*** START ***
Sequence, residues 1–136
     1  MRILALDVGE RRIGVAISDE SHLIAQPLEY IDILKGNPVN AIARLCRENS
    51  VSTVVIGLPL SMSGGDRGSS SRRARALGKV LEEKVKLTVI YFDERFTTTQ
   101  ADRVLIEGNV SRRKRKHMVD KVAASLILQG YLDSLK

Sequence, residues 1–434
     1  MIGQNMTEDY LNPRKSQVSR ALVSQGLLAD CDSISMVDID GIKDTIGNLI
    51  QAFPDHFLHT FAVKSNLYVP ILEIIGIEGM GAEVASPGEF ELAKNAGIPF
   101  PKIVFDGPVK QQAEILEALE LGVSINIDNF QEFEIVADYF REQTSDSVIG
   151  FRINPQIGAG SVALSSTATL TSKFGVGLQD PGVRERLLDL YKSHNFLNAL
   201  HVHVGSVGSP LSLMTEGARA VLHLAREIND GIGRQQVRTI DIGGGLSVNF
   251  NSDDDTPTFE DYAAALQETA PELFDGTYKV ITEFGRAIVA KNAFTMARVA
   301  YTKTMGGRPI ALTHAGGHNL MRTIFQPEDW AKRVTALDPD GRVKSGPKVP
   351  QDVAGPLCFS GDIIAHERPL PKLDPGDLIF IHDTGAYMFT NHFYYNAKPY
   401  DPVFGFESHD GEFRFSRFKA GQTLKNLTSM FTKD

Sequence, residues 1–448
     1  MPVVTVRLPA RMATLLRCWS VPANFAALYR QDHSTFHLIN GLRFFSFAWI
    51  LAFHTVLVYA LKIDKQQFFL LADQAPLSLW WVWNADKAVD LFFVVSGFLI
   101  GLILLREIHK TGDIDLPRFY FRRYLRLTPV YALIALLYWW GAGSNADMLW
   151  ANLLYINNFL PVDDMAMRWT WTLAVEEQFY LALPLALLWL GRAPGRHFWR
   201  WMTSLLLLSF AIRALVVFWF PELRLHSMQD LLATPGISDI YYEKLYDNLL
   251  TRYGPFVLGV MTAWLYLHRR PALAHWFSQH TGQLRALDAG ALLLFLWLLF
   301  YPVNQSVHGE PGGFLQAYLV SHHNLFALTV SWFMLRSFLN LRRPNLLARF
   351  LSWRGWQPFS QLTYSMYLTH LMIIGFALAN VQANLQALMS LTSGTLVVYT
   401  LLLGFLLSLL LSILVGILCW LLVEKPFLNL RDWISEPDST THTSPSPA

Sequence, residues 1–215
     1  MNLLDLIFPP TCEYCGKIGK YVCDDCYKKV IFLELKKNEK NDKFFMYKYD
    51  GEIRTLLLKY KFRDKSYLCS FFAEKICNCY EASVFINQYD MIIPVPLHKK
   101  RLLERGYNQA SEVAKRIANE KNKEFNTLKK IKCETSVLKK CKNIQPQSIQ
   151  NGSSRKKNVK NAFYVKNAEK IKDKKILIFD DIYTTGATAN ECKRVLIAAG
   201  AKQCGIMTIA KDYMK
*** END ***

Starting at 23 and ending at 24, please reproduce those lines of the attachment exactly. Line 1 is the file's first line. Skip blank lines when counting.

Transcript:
   351  LSWRGWQPFS QLTYSMYLTH LMIIGFALAN VQANLQALMS LTSGTLVVYT
   401  LLLGFLLSLL LSILVGILCW LLVEKPFLNL RDWISEPDST THTSPSPA